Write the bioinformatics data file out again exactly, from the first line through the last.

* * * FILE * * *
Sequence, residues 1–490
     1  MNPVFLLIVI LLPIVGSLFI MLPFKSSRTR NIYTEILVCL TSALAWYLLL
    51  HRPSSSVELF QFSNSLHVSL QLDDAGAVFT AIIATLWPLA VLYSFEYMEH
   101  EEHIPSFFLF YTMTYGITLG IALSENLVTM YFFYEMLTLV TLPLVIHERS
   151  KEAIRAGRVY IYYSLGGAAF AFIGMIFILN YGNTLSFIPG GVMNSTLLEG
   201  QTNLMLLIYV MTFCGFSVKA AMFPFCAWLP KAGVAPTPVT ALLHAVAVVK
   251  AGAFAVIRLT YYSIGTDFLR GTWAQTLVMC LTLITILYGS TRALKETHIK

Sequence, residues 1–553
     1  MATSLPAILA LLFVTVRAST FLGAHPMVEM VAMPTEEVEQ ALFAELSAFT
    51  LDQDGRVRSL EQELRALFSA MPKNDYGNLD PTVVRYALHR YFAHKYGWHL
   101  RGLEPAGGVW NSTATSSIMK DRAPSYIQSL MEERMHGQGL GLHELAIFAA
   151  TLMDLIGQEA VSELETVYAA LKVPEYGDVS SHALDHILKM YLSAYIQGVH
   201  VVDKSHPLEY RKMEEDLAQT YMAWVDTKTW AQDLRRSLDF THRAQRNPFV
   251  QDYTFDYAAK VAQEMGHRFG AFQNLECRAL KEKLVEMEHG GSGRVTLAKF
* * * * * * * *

Sequence, residues 1–490
     1  MNPVFLLIVI LLPIVGSLFI MLPFKSSRTR NIYTEILVCL TSALAWYLLL
    51  HRPSSSVELF QFSNSLHVSL QLDDAGAVFT AIIATLWPLA VLYSFEYMEH
   101  EEHIPSFFLF YTMTYGITLG IALSENLVTM YFFYEMLTLV TLPLVIHERS
   151  KEAIRAGRVY IYYSLGGAAF AFIGMIFILN YGNTLSFIPG GVMNSTLLEG
   201  QTNLMLLIYV MTFCGFSVKA AMFPFCAWLP KAGVAPTPVT ALLHAVAVVK
   251  AGAFAVIRLT YYSIGTDFLR GTWAQTLVMC LTLITILYGS TRALKETHIK

Sequence, residues 1–553
     1  MATSLPAILA LLFVTVRAST FLGAHPMVEM VAMPTEEVEQ ALFAELSAFT
    51  LDQDGRVRSL EQELRALFSA MPKNDYGNLD PTVVRYALHR YFAHKYGWHL
   101  RGLEPAGGVW NSTATSSIMK DRAPSYIQSL MEERMHGQGL GLHELAIFAA
   151  TLMDLIGQEA VSELETVYAA LKVPEYGDVS SHALDHILKM YLSAYIQGVH
   201  VVDKSHPLEY RKMEEDLAQT YMAWVDTKTW AQDLRRSLDF THRAQRNPFV
   251  QDYTFDYAAK VAQEMGHRFG AFQNLECRAL KEKLVEMEHG GSGRVTLAKF